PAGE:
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3. Math 104A Computation Homework # 2: Quadrature rules

# Math 104A Computation Homework # 2: Quadrature rules

USUCSBMath 104AIntroduction to Numerical AnalysisPythonMatlab

# Math 104A Computation Homework 2

Math 104A Computation Homework # 2

## 1 Main problem

We have studied some quadrature rules and their theoretical rates of convergence (or error terms). In this homework, you compute and report actual rates of convergence of some quadrature rules when they are implemented for selected integrands. Also, you interpret the result in your own language.

(Quadrature rules) Your program computes the following three quadrature rules for integrals on [−1, 1.1] with respect to constant weight w(x) ≡ 1.

1. composite trapezoidal rules (“Trapezoidal” below) (textbook p. 481)
2. composite Simpson’s rule (“Simpson” below) (textbook p. 484)
3. composite Gaussian quadrature with three nodes (“Gauss3” below), i.e., n = 2 so we have Gaussian nodes x0 , x1 , and x2 for each subinterval (textbook p. 496 provides a version on a single interval [−1, 1]. You will need to do some work to obtain a composite version from it. In particular, you will need to apply change of interval.)

(Integrands) Implement these quadrature rules for the following three integrands: consine, a C 1 – function, and (a scaled) normal distribution density.

(Experiment) Compute the errors caused by each quadrature rule for each integrand (i.e., the absolute value of the difference between approximation and the true value) implemented with a number of different resolutions. – Here, the resolution means the number of subintervals involved in composite rules. (2i for i = 0, 1, 2, · · · , 9 is a good option.) For example, if you decide to use 10 different resolutions, you will have total 3 × 3 × 10 errors from each combination of a method, an integrand, and a resolution. – To measure the error, you will need true values of the integrals. Think about how you can obtain those. If you have no idea, see the Section 2 for tips. • (Report) Report a table that contains the rate of convergence of each quadrature rule for each integrand as the resolution gets one step higher. – For example, if you decide to use 10 different resolutions, you will have 9 convergence rate for each combination of a quadrature rule and an integrand because you have 9 steps of refinement. If you are not sure what is going on, read ‘how to compute the rate of convergence’ below first, and possibly all other instructions, then come back here. – How to compute the rate of convergence? We will discuss this in class in a bit more detail. But the summary is the same. Suppose you have implemented a numerical method using two different resolutions N1 and N2 , where N2 is the higher resolution than N1 , say N2 = 2N1 . If you have obtained errors e1 and e2 using the resolutions N1 and N2 respectively, the rate of convergence based on these two results is given by See the class notes for details. • (Summary) data – Target integral information (interval [−1, 1.1]), Three integrands listed above parameters to choose – Resolutions (i.e., an array of the number of subintervals for composite rules; 2i for i = 0, 1, 2, · · · , 9 recommended) output – MethodIntegrand.csv: A csv file (comma separated values) that contains the rates of convergence so that one can easily compares them across integrands for each method used. Ideally, we want something like this:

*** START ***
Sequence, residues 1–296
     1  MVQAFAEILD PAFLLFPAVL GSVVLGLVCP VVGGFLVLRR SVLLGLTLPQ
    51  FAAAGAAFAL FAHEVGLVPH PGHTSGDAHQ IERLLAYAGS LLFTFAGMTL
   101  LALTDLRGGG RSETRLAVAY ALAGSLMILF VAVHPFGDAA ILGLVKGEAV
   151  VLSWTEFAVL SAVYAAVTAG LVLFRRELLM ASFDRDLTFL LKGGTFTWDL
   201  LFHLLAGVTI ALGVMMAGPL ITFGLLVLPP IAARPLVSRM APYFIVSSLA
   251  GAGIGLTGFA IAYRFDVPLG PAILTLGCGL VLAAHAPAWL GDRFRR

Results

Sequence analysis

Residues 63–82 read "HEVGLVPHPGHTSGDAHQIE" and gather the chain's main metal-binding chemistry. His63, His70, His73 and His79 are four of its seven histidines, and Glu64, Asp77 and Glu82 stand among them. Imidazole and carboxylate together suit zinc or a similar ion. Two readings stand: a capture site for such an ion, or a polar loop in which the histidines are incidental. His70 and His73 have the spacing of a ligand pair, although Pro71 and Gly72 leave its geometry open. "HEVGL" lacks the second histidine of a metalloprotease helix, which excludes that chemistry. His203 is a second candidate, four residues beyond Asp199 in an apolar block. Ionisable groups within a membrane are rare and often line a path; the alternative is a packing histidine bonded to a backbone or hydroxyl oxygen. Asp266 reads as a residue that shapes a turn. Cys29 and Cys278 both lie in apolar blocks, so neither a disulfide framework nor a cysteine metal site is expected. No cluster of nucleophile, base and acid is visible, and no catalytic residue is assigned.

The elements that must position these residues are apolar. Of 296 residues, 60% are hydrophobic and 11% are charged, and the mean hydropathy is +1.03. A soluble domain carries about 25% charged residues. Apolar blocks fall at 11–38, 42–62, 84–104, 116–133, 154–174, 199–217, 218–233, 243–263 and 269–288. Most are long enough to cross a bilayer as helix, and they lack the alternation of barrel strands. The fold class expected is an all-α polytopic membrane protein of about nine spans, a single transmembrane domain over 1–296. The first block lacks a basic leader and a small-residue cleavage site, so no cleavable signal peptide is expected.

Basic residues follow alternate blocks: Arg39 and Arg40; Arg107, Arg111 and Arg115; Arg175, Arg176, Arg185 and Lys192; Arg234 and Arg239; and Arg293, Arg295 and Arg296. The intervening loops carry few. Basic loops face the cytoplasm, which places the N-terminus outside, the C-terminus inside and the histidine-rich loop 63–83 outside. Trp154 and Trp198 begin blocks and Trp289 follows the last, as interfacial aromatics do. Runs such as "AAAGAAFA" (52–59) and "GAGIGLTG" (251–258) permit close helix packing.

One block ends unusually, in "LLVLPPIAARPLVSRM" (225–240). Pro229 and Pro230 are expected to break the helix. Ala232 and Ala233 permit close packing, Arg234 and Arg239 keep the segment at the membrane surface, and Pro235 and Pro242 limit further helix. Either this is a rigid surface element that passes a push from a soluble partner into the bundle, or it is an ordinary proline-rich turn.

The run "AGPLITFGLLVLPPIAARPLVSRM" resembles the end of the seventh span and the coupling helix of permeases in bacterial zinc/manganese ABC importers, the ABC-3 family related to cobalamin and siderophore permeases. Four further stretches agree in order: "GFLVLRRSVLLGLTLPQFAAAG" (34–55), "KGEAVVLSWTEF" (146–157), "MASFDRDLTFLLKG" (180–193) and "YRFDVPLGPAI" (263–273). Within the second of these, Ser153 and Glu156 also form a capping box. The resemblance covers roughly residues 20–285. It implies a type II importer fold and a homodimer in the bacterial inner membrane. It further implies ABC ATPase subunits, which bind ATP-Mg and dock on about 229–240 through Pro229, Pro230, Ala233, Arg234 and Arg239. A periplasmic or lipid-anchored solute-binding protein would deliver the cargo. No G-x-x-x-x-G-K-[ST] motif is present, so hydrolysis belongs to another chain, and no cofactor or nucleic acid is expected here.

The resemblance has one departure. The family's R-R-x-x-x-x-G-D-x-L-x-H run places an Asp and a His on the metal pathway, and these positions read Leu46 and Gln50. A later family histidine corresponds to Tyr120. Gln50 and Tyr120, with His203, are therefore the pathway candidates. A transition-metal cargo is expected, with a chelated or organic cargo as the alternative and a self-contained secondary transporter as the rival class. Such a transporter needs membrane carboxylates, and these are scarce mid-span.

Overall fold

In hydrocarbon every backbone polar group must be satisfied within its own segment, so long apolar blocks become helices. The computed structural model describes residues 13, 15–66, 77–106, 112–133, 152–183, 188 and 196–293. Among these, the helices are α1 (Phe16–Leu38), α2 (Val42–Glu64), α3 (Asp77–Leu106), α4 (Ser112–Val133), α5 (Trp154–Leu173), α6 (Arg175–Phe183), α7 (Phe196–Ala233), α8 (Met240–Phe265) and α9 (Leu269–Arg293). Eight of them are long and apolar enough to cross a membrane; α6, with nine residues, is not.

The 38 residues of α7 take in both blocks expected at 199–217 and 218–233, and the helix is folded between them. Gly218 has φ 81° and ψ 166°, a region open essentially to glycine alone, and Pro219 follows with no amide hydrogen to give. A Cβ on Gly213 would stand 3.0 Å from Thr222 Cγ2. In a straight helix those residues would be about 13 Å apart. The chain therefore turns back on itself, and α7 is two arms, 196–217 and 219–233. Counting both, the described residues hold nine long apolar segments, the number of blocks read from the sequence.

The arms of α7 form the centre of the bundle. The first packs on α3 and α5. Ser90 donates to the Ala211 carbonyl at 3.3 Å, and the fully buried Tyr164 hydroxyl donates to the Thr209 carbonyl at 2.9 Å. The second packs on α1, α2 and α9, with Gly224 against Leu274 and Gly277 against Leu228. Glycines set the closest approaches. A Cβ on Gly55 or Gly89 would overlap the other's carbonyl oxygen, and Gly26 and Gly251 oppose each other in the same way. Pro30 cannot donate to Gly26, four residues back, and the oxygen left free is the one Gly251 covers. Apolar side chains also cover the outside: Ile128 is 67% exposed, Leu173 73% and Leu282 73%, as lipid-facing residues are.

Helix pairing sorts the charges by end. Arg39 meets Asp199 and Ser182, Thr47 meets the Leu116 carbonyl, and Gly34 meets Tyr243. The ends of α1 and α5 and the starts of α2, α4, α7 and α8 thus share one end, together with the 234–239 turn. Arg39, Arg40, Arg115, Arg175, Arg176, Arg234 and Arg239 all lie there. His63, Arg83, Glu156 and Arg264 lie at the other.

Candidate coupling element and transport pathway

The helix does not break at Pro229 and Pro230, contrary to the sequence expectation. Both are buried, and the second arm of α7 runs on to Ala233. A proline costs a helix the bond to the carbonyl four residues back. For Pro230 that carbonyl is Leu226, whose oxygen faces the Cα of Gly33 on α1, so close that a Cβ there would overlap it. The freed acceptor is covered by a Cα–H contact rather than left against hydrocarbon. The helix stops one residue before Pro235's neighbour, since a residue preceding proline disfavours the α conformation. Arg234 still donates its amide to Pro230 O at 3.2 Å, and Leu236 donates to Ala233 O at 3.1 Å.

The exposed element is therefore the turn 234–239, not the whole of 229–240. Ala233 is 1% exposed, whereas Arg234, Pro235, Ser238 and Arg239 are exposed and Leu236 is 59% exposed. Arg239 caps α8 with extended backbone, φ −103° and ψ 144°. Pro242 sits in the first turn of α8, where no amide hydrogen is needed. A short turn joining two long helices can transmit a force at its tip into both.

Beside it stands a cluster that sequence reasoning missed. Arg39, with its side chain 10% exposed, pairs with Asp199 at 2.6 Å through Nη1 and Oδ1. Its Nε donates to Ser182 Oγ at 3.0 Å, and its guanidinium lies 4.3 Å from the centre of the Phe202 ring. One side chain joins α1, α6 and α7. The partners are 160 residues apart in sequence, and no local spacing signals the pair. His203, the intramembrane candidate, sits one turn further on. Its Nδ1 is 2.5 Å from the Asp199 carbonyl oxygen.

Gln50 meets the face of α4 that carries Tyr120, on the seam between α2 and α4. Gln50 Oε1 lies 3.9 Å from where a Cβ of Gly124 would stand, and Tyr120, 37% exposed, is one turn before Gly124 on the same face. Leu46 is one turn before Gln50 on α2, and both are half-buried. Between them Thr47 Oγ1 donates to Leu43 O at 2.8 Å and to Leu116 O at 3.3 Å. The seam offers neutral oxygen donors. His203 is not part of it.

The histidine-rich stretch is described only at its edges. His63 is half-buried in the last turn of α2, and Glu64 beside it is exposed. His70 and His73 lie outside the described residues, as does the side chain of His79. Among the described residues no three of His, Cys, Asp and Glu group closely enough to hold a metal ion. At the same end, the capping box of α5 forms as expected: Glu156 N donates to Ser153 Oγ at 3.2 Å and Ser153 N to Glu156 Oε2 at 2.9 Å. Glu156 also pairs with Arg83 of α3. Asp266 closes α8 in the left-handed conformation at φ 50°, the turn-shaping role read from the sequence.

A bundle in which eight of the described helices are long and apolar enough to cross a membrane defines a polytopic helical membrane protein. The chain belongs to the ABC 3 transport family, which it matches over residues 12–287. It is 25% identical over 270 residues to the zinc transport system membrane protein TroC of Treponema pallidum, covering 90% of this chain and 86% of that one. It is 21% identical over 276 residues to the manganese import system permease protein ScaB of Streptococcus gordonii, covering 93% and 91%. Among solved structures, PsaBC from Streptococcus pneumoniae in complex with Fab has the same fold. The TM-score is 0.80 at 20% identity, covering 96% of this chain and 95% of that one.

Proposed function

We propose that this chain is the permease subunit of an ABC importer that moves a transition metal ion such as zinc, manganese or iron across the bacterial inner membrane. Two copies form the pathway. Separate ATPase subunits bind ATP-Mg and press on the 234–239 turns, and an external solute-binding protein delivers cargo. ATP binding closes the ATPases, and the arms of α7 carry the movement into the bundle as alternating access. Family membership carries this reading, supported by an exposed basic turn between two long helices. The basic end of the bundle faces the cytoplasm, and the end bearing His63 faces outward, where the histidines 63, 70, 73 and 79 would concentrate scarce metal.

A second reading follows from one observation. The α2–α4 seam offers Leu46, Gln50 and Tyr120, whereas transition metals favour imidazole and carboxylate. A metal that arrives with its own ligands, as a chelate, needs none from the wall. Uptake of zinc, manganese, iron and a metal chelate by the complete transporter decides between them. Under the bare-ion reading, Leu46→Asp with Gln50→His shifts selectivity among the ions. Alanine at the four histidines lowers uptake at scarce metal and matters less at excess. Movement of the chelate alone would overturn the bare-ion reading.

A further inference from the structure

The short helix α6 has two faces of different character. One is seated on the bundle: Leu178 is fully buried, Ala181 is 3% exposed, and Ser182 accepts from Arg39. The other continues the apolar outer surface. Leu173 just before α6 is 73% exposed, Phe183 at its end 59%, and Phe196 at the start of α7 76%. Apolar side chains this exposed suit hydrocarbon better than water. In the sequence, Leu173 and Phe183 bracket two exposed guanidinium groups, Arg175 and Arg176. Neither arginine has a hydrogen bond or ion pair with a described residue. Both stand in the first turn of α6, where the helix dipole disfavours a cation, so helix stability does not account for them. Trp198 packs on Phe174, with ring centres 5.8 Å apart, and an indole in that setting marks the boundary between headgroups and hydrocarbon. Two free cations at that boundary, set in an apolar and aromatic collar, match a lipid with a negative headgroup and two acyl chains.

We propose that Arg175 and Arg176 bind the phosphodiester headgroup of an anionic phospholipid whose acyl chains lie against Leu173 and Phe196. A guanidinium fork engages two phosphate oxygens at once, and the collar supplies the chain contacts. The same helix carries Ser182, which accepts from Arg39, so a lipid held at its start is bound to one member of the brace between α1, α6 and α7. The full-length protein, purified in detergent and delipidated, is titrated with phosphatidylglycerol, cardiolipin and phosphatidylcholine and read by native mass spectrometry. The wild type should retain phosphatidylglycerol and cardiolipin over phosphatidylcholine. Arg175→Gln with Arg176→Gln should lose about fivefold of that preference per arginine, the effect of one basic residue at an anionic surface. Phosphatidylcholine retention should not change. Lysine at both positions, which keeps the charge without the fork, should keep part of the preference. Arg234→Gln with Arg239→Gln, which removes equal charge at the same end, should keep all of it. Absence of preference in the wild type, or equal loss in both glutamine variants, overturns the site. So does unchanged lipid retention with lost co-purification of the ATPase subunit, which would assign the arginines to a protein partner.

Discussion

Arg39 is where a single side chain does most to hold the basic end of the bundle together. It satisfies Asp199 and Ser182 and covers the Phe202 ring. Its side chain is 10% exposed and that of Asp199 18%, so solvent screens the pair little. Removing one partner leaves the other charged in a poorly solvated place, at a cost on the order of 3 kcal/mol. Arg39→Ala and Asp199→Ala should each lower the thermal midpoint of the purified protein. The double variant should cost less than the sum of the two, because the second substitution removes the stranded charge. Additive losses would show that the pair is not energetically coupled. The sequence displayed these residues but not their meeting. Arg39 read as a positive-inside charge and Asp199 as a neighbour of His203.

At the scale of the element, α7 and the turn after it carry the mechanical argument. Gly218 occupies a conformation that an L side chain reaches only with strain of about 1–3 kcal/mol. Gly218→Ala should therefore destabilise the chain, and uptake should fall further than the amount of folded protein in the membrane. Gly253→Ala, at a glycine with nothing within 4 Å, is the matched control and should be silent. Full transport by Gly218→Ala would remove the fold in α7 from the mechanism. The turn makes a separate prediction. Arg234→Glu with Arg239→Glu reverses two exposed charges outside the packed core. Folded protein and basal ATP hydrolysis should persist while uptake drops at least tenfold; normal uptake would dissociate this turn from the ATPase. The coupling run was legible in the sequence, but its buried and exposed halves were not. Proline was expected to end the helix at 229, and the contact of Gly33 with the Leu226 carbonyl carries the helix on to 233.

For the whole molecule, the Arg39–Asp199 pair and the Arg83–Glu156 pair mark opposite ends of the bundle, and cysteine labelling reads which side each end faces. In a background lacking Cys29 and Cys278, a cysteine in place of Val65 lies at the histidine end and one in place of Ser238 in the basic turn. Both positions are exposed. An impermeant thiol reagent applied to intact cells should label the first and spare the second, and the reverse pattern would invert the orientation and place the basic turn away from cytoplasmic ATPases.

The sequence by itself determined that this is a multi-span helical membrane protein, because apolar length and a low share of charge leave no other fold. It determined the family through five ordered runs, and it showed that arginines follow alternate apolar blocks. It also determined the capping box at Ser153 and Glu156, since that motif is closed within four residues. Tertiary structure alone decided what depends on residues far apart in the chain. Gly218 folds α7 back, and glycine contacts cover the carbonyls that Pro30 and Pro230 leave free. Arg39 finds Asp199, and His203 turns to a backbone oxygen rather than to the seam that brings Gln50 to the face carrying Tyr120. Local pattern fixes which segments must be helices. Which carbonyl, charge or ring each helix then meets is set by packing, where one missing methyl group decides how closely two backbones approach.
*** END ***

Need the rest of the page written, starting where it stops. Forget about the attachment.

However, csv files work the best when the data is complete and in the simplest rectangular form like the following. Thus, feel free to submit in this form: Method Trapezoidal Trapezoidal Trapezoidal – IntegrandMethod.csv: A csv file (comma separated values) that contains the rates of convergence so that one can easily compares them across methods for each integrand. For the same reason as above about csv files, feel free to report csv-friendly table: • (Submission): Please, submit your result as indicated below. Part of the credit is assigned to submitting things as instructed. – Source code: (.m, .py, or .ipynb; in particular, NO .pdf) – two output files: MethodIntegrand.csv, IntegrandMethod.csv – Interpretation: interpretation.txt (A text file that describes how you interpret the result) – (Optional): ExtraExperiment.txt – Interpretation on an additional experiment: Try the same experiment with for integrals from -1 to 1. (You must change the true integrals accordingly.) What do you observe? What is your interpretation?